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My blog has been changed to make it more appealing for those who have New England ancestors and want to see the area through photos. Things I’ll include are typical white New England churches, libraries showing their genealogical collection, historical societies, cemeteries, war memorials, in general, anything to do with history.

For four years I’ve blogged mostly about my personal genealogy in New England (Connecticut, Massachusetts, Vermont, and New Hampshire), New York, New Jersey, Michigan, Illinois, Wisconsin, and the Eastern Townships of Quebec, Canada. I still will, can’t forget my own roots.

Please check out the labels on the right side for articles. The header tabs at the top are a work in progress.

Thursday, October 6, 2016

Where Was The Lincoln Memorial Made?

Photo by B. Poole taken at Chesterwood,
Stockbridge, Massachusetts
Several years ago, I wrote a few posts about Daniel Chester French, a Concord, Massachusetts sculptor 
who was commissioned in 1873 by the town to make the bronze Minuteman statue which is displayed near the Old North Bridge. That fact is something I've known for many years, but when the Concord Museum had an exhibit of his works, I became more aware of his work pertaining to the Lincoln Memorial.

I then discovered he summered for 30 years in Stockbridge, Massachusetts at his estate and studio, called Chesterwood, with 120 acres. The good news is, these buildings are open to the public for the price of admission.

The pictures below are of the main house, only a few rooms were shown, the studio, and the few gardens showed evidence of fall because almost all the flowers had gone by. If you have ever seen the Lincoln Memorial, I believe this post might interest you or your children.

Although the entire Lincoln Memorial wasn't made here, thpreliminary design work was. That fact, was enough to impress me.


The above is the main entrance to the house, and below is what you see on the opposite side, the fields and Taconic Mountains, shown below.

From the edge of the woods, another view of the house.

Main hallway. I believe we saw three rooms: the dining room, sitting room and private office with Mr. French's original typewriter (all shown below).



Study with Daniel's typewriter shown on the right.

Part of the 2nd floor hallway above, and three bedrooms below.



There were several gardens to enjoy as well as trails in the woods to explore.


Unfortunately, I didn't take a front picture of the studio, probably because I was so taken with the bench by the open door. The picture below is the side entrance with the huge door and the back porch overlooking the property.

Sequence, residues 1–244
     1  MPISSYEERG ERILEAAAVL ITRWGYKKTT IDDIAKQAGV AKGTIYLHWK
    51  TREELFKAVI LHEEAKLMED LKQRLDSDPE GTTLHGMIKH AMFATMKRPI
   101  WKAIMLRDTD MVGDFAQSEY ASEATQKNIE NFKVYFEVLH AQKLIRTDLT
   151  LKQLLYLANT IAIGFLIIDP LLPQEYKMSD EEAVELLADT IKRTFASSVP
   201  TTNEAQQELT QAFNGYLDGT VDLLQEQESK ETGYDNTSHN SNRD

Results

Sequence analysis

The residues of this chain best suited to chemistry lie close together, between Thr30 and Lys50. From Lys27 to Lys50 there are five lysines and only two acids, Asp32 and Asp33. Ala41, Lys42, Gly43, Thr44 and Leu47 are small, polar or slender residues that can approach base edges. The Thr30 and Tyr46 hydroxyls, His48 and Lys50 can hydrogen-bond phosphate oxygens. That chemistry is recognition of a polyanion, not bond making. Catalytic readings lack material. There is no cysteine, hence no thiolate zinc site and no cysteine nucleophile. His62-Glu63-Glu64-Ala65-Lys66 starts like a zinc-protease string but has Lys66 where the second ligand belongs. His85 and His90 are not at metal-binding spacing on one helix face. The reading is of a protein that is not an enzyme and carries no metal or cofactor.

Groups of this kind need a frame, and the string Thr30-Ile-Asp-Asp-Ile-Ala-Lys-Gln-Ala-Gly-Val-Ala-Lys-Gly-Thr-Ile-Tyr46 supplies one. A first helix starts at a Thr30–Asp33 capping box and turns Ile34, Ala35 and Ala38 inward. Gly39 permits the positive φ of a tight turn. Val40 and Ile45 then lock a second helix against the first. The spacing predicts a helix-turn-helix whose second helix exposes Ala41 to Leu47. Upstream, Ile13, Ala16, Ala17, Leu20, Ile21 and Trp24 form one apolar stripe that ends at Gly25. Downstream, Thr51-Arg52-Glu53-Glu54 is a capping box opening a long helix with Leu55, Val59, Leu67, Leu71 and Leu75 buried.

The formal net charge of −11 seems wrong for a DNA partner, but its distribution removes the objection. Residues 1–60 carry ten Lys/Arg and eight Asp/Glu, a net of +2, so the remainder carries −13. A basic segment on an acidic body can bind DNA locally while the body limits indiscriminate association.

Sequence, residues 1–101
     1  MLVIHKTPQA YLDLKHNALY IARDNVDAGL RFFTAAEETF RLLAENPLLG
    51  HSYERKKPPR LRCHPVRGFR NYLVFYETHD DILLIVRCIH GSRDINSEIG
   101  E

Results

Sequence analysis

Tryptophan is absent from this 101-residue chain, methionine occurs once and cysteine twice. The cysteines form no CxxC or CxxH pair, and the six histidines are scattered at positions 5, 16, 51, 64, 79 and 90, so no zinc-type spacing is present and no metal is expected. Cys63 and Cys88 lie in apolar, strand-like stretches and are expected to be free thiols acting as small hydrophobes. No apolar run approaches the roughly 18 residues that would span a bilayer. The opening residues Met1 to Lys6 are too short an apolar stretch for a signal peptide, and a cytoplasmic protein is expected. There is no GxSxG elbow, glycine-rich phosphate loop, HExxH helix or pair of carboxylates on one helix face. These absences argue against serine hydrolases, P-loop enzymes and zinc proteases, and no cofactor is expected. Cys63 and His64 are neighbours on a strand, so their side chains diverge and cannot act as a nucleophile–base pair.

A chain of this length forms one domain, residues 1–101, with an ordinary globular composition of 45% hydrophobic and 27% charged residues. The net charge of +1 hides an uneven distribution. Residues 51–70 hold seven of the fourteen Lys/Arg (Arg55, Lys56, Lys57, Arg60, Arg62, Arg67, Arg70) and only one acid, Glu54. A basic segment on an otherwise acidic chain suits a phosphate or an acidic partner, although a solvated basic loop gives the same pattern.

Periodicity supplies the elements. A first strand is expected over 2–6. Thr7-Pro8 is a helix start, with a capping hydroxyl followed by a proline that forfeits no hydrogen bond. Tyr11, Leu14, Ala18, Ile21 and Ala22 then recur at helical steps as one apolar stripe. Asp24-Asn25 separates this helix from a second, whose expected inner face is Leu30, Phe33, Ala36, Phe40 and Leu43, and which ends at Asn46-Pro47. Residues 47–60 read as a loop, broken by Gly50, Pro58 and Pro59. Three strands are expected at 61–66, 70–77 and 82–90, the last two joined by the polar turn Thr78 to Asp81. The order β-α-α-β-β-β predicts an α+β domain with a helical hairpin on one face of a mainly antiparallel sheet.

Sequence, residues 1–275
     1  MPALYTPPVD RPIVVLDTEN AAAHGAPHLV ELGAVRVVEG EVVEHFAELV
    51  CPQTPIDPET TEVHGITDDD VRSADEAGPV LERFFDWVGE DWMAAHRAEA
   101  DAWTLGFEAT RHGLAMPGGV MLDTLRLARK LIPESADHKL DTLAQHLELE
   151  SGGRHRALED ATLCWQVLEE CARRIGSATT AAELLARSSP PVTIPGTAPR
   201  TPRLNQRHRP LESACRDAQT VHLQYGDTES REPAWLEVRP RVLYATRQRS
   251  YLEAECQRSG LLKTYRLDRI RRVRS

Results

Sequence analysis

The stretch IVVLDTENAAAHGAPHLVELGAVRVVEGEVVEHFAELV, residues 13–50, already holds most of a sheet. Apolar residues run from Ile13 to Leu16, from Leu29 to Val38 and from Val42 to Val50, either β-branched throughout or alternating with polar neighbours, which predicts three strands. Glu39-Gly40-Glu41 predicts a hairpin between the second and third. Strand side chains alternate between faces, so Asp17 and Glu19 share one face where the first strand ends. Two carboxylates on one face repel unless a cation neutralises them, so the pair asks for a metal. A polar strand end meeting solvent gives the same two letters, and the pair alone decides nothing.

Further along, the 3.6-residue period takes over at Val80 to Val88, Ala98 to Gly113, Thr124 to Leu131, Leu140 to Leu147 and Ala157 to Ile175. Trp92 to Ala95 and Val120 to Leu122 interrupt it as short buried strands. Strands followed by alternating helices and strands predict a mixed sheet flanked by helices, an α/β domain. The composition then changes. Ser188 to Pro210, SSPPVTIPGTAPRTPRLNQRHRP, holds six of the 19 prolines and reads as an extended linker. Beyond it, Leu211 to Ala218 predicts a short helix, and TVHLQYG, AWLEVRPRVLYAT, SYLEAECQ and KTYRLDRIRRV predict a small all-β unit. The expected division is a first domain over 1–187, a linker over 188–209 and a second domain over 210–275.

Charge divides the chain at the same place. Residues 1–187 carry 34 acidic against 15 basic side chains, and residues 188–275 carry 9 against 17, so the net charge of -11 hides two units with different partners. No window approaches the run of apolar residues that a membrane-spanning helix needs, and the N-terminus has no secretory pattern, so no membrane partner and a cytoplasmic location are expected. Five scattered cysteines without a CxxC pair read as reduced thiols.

The porch with bench was to the left of the entrance door. You are allowed to sit on it and view the meadow and mountain in front (see my 2nd picture).

When you first enter the studio, this is what you see! Notice the huge door as well?

General Charles Devens is on the horse. The statue may look small, but it was quite life-size.

I'm glad the chair is there, it's a good way to get an idea of the size of things.



You are looking at an open drawer with Mr. French's utensils. The window above the table provided an interesting reflection.



Looking toward the house, from the woods.


Daniel Chester French Led Me on a Trail (Post with quite a few of my pictures)

4 comments:

Family Sleuther said...

Thank you for this post. It's fascinating to see the various clay plaster models and the statue's evolution. I live in Washington and am always amazed at the immensity of the Lincoln sculpture - it's a moving memorial.

Barbara Poole said...

You are so welcome. I've had to wait almost 1 1/2 yrs. to get there, and if I didn't go this early fall, I would have to wait until next year. The property is a little over two hours away, but I knew I had to have a sunny and warm day (entire summer was Hot). Anyway, it pleases me that somebody liked this post. Thanks for writing.

Janice Brown said...

Wow yet again an amazing collection of photographs. I just linked this story to one I did on Daniel Chester French in 2011. Nicely done.

Barbara Poole said...

Thanks Janice for the link. I absolutely loved this place, and sincerely hope you can get there one day. Took us a little over 2 hours, so for you, about 1/2 hr. longer, I would think. I'm always happy when somebody enjoys my pictures, and you are a great supporter.